25th Anniversary Champagne Toasting Glasses - Bookshelf
Presents facts and trivia about the history of wine and winemaking, featuring details on the world's famous wine regions, profiles of notable wine makers and critics, and anecdotes on wine culture.
About this book
The Curious World of Wine is a fascinating miscellany about the colorful characters, celebrated places, and quirky events surrounding wine-making. Recounting wine tales that are by turns amusing, surprising, and occasionally a bit naughty, wine expert Richard Vine reveals little-known facts such as: • The oldest vineyard still producing grapes is thought to be in Maribor, Slovenia, where vines up to four hundred years old remain fruitful. • “Plonk,” a term used to insult any modestly priced wine, got its name from the French words for white wine—vin blanc, pronounced “vawn blawnk,” which was corrupted to “plawnk” or “plonk.” • Thomas Jefferson was so eager to plant native French vines at his Monticello mansion that he nearly went bankrupt fruitlessly hiring experts to defeat a condition that caused European vines to mysteriously die in North American soil. • Touching wineglasses as a toast was originally a deft move to exchange a splash of wine into each other's cup to ensure that neither party was being poisoned. The Curious World of Wine will keep any wine fan entertained and enlightened—from the most erudite connoisseur to Two Buck Chuck devotees.
From the Hardcover edition.
About this book
The champion of uncelebrated foods including fat, offal, and bones, Jennifer McLagan turns her attention to a fascinating, underappreciated, and trending topic: bitterness. What do coffee, IPA beer, dark chocolate, and radicchio all have in common? They’re bitter. While some culinary cultures, such as in Italy and parts of Asia, have an inherent appreciation for bitter flavors (think Campari and Chinese bitter melon), little attention has been given to bitterness in North America: we’re much more likely to reach for salty or sweet. However, with a surge in the popularity of craft beers; dark chocolate; coffee; greens like arugula, dandelion, radicchio, and frisée; high-quality olive oil; and cocktails made with Campari and absinthe—all foods and drinks with elements of bitterness—bitter is finally getting its due. In this deep and fascinating exploration of bitter through science, culture, history, and 100 deliciously idiosyncratic recipes—like Cardoon Beef Tagine, White Asparagus with Blood Orange Sauce, and Campari Granita—award-winning author Jennifer McLagan makes a case for this misunderstood flavor and explains how adding a touch of bitter to a dish creates an exciting taste dimension that will bring your cooking to life. From the Hardcover edition.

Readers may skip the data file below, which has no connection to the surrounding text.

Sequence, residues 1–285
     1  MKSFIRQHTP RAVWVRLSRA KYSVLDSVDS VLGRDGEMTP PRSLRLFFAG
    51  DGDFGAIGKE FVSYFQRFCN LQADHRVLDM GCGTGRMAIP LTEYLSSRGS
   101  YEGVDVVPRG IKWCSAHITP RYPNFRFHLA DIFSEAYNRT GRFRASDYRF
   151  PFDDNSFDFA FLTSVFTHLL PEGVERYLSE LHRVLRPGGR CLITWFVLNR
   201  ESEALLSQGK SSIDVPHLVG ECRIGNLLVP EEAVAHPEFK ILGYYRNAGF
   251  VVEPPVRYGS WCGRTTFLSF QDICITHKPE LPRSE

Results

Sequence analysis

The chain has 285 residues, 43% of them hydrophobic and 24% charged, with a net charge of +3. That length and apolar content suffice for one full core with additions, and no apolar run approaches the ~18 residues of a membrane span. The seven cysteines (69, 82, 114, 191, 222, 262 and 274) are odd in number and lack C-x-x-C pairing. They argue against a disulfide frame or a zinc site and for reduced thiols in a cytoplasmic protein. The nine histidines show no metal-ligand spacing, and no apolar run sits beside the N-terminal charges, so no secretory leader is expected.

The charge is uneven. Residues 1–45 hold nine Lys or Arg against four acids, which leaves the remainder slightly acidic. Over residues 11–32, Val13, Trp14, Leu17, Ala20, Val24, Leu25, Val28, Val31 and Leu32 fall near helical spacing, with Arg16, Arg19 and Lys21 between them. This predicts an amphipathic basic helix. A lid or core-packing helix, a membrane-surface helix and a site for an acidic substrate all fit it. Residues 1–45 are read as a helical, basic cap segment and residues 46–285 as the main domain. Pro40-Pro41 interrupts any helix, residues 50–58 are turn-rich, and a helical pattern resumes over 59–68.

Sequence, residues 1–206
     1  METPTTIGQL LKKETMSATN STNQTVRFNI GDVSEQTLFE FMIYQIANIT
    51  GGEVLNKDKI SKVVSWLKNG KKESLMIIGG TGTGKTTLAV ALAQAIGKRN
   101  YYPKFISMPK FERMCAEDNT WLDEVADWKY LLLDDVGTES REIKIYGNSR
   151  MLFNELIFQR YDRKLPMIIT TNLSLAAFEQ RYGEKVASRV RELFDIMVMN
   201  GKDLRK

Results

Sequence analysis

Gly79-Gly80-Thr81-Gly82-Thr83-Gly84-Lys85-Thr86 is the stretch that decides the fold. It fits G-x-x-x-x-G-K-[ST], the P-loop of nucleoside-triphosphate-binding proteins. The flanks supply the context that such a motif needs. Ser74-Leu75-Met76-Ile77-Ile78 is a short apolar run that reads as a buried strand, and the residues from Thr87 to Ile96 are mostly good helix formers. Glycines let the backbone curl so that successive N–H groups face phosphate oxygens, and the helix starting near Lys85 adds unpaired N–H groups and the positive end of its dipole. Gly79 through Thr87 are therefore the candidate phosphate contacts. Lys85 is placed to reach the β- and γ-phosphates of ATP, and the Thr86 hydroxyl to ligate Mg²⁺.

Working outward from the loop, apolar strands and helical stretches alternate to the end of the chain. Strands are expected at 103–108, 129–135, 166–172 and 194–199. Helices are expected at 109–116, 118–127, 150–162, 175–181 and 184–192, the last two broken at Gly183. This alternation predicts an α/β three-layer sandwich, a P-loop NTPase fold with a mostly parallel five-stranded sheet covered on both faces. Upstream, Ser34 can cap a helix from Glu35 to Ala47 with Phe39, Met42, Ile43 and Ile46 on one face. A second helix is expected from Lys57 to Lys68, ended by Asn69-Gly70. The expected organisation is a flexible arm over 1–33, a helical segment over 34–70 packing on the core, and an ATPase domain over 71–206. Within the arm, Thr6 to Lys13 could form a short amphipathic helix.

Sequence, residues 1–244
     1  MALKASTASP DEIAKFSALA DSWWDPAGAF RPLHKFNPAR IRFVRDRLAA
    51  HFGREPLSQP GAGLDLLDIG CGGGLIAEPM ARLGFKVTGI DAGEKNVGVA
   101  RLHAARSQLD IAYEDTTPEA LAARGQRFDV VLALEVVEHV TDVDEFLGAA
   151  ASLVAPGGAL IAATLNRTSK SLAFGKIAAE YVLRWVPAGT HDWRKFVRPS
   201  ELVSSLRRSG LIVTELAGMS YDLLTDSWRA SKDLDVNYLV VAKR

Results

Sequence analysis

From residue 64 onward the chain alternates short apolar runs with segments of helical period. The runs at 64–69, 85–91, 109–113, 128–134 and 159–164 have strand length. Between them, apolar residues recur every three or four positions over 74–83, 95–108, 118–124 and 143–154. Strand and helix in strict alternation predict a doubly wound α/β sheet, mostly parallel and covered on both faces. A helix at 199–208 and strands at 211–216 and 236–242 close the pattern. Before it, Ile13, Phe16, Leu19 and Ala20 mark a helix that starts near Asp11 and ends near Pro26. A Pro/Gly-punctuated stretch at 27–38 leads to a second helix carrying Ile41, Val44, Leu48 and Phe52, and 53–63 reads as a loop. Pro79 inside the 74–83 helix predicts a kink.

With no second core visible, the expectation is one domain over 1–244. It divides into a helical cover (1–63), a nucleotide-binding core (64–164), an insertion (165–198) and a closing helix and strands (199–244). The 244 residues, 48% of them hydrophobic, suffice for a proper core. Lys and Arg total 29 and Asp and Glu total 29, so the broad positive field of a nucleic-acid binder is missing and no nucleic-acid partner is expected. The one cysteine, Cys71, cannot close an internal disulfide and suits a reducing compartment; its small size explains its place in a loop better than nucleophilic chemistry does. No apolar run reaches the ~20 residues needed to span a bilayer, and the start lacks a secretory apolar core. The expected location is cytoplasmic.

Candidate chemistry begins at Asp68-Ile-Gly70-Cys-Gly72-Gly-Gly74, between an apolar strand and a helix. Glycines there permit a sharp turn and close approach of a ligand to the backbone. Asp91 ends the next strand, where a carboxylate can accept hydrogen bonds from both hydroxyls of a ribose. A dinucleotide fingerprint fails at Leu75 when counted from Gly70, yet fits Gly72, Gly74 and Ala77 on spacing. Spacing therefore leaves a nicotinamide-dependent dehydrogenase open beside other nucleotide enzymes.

Told with Beth Harbison's wit and warmth, If I Could Turn Back Time is the fantasy of every woman who has ever thought, "If I could go back in time, knowing what I know now, I'd do things so differently.
About this book
Told with Beth Harbison's wit and warmth, If I Could Turn Back Time is the fantasy of every woman who has ever thought, "If I could go back in time, knowing what I know now, I'd do things so differently..."Thirty-seven year old Ramie Phillips has led a very successful life. She made her fortune and now she hob nobs with the very rich and occasionally the semi-famous, and she enjoys luxuries she only dreamed of as a middle-class kid growing up in Potomac, Maryland. But despite it all, she can't ignore the fact that she isn't necessarily happy. In fact, lately Ramie has begun to feel more than a little empty. On a boat with friends off the Florida coast, she tries to fight her feelings of discontent with steel will and hard liquor. No one even notices as she gets up and goes to the diving board and dives off...Suddenly Ramie is waking up, straining to understand a voice calling in the distance...It's her mother: "Wake up! You're going to be late for school again. I'm not writing a note this time..." Ramie finds herself back on the eve of her eighteenth birthday, with a second chance to see the people she's lost and change the choices she regrets. How did she get back here? Has she gone off the deep end? Is she really back in time? Above all, she'll have to answer the question that no one else can: What it is that she really wants from the past, and for her future?